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Monday, January 19, 2009

That dreadful thing...

The 10 most difficult questions you will be asked in a job interview IF YOU are one of those executive types unhappy at your present post and embarking on a New Year's resolution to find a new one, here's a helping hand.
The job interview is considered to be the most critical aspect of every expedition that brings you face-to-face with the future boss. One must prepare for it with the same tenacity and quickness as one does for a fencing tournament or chess match.
1.) Tell me about yourself?
Since this is often the opening question in an interview, be extra careful that you don't run off at the mouth. Keep your answer to a minute or two at most. Cover four topics: Early years, education, work history, and recent career experience.
2.) What do you know about our organisation?
You should be able to discuss products or services, goals, problems, management style. Let your answer show that you have taken the time to do some research, but don't overwhelm the interviewer, and make it clear that you wish to learn more.
3.) Why do you want to work for us?
The deadliest answer you can give is "because I like people". What else would you like — animals? Here, and throughout the interview, a good answer comes from having done your homework so that you can speak in terms of the company's needs.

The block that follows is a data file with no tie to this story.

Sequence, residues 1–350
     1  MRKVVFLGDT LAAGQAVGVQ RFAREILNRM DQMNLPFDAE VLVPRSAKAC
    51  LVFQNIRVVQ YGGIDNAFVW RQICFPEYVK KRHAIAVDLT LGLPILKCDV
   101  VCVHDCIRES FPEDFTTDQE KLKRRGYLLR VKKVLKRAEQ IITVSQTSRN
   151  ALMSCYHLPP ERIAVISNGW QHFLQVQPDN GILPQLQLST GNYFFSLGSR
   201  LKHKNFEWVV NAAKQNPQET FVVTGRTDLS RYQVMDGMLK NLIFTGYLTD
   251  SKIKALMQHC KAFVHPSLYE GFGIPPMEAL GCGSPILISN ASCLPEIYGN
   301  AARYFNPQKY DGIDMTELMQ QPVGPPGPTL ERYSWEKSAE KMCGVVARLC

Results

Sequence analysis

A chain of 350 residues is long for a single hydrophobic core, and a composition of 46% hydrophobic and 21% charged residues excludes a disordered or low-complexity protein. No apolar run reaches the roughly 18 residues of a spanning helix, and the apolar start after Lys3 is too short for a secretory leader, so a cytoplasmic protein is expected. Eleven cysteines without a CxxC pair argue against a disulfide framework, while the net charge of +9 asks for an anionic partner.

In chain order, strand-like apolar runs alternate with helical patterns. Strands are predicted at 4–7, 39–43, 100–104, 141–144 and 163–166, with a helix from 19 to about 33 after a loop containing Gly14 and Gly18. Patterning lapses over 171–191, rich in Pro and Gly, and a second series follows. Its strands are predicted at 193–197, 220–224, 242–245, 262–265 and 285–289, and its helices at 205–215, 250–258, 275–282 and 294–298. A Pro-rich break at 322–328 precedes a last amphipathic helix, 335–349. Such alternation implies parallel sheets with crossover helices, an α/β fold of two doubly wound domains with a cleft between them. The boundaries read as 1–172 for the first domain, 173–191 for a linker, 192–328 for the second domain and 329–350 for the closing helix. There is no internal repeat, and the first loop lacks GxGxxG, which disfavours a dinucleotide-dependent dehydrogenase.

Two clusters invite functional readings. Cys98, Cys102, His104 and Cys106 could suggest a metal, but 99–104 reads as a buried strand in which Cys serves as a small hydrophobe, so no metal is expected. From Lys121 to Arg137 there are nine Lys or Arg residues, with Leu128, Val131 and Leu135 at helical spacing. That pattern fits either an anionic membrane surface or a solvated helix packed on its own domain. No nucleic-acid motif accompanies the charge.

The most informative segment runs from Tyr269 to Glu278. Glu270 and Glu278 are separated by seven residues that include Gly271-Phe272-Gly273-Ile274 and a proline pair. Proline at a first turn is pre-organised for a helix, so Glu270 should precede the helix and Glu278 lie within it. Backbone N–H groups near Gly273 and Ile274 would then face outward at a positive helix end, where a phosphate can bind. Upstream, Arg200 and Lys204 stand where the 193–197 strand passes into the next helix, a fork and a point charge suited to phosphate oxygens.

4.) What can you do for us that someone else can't?
Here you have every right, and perhaps an obligation, to toot your own horn and be a bit egotistical. Talk about your record of getting things done, and mention specifics from your resume or list of career accomplishments.
5.) Please give me your definition of(the position for which you are
being interviewed).
Keep your answer brief and task oriented. Think in terms of responsibilities and accountability.
6.) How long would it take you to make a meaningful contribution to our firm?
Be realistic. Say that, while you wouldexpect to meet pressing demands and pull your own weight from the first day, it might take three to six months before you could expect to know the organisation and its needs well enough to make a major contribution.
7.) Your resume suggests that you may be over-qualified or too experienced for
this position. What's your opinion?
Emphasise your interest in establishing a long-term association with the organisation, and say that you assume that if you perform well in this job, new opportunities will open up for you. Mention also that a strong company needs a strong staff.
8.) What is your management style?
You should know enough about the company's style to know that your management style will complement it. Possible styles include: task oriented, result-oriented, or even paternalistic
9.) Why are you leaving (did you leave) your present (last) job?
Be brief, to the point, and as honest as you can without hurting yourself. If you were laid off in an across-the-board cutback, say so; otherwise, indicate that the move was your decision, the result of your action.Do not mention personality conflicts.
10.) What do you think of your boss?
Be as positive as you can. A potential boss is likely to wonder if you might talk about him in similar terms at some point in the future.


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